Pat Lancaster remembers Ibrahim Al Abed
It is with great sadness The Middle East Online mourns the death on 20th October 2020 of one of the true pioneers of journalism in our region, Ibrahim Al Abed, aged 79, the founder of the UAE’s state-run WAM news agency and the head of the country’s National Media Council (NMC).
“Five decades Ibrahim spent working tirelessly until the last day,” Dubai’s ruler Sheikh Mohammed bin Rashid Al Maktoum wrote on Twitter.
To all of those who knew him, myself included, it was no surprise to learn that the great man was at his desk in the NMC offices until his very last day on earth. To journalists from across the globe Mr Ibrahim, as he was fondly known, was the go-to person for everything to do with the UAE. His knowledge of his adopted country was, it often seemed, infinite. And, in the unlikely event that he did not have the information you might require at his fingertips, he would always find it and pass it on at speed. His phone was always answered, his door was always open.
Over half a century, he watched the United Arab Emirates grow – skyscraper by skyscraper – from seven small sheikhdoms to the thriving, regional powerhouse it is today.
A Palestinian by birth, Mr Ibrahim fled on his father’s shoulders during the 1948 war surrounding Israel’s establishment, his longtime colleague at the NMC and friend, Peter Hellyer, said. Known as the “naqba,” or “catastrophe” in Arabic, the conflict uprooted hundreds of thousands of Palestinians from their ancestral homes.
Al-Abed studied at the American University of Beirut and served as a Palestinian student leader before graduating with a degree in political science. He moved to the United Arab Emirates in 1975, just a few years after the federation’s creation out of the seven sheikhdoms the British referred to as the Trucial States. Tens of thousands of Palestinians, moved to the UAE to help create the country, serving in government ministries and in its oil fields.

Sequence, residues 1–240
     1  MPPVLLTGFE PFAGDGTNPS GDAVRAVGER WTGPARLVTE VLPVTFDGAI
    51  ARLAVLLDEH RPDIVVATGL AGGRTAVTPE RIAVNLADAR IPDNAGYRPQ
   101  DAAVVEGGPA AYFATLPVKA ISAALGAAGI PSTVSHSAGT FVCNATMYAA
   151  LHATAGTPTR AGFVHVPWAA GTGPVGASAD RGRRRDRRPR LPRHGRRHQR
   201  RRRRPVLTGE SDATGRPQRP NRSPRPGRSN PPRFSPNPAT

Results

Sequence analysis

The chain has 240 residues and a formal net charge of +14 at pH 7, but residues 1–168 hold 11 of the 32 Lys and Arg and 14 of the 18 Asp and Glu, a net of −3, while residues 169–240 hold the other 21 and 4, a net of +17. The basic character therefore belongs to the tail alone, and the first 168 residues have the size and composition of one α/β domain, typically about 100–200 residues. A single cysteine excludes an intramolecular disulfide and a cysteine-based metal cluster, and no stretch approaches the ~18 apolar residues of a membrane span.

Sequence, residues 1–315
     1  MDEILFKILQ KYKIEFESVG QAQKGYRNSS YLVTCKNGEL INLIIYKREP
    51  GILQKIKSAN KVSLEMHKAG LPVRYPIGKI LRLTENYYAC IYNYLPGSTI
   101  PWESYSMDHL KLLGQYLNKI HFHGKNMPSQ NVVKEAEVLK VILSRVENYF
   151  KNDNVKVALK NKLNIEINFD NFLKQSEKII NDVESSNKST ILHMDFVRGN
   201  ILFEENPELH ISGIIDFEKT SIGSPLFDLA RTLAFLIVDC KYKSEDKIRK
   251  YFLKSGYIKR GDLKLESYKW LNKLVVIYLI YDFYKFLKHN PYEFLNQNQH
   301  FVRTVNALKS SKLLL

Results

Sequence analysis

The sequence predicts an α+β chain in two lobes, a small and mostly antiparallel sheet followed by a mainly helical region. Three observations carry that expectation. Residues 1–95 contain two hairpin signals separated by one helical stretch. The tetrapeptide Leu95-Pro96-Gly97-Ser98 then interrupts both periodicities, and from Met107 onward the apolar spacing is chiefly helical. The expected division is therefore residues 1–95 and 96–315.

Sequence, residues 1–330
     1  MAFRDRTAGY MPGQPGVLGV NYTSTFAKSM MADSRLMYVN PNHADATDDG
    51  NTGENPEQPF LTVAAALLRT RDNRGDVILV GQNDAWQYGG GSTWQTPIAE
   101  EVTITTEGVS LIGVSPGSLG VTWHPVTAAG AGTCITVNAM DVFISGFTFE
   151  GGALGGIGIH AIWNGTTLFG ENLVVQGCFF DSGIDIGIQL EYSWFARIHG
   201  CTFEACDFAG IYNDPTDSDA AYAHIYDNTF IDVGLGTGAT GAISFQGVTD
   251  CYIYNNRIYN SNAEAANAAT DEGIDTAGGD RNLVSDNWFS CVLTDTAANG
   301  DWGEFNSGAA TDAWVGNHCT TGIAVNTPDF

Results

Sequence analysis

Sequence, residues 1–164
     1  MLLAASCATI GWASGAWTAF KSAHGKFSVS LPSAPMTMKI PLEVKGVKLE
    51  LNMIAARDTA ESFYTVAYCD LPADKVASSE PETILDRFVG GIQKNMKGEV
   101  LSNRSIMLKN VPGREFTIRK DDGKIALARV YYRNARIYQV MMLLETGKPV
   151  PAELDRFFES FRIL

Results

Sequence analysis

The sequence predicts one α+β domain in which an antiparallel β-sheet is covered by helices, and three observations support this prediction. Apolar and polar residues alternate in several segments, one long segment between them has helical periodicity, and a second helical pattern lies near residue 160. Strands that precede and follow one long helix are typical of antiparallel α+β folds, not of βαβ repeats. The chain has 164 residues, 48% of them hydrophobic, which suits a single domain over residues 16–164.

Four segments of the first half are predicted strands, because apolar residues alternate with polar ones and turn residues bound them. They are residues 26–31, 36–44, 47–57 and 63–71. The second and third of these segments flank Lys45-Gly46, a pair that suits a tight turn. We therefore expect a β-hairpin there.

In 1977, Al-Abed created the WAM news agency and a year later, helped Peter Hellyer, another media stalwart, set up the agency’s English wire service. He also served as a trusted media adviser to generations of Emirati government officials, later becoming an Emirati citizen himself.
At the time of his arrival, he once recounted, there were just two newspapers and a fledgling radio and television scene — not the vast landscape of today that sees foreign media use Dubai Media City and Abu Dhabi as safe bases to cover a region long prone to conflict.
“The very important development for the media in the UAE was the creation of the Dubai media zone. … When it started, we were wondering what are we going to have,” al-Abed told the Saudi-owned satellite news channel Al-Arabiya in 2018. “It turned out that we have now over 2,000 organizations, companies, working in Dubai media zone.”
That the UAE became a hub for the international media, was a source of great pride to Mr. Ibrahim and his contribution to the country achieving such status can not be over-estimated. He worked tirelessly to promote his adopted country and, with a newsman’s nose, he knew exactly the kind of stories that would grab the imagination of visiting media. Individually, or as a group, journalists would be invited to his Abu Dhabi office, to sit down and discuss the issues of the day. Over a cup of coffee, Mr Ibrahim would present his business card and invite them to be in touch should they need further assistance. He treated all of us with the same consideration, courtesy and a measure of the old world charm and hospitality that has, so sadly, disappeared from much of the Arab world in recent years.
Ibrahim Al Abed is survived by his wife, three children and grandchildren, to whom we send our deepest condolences.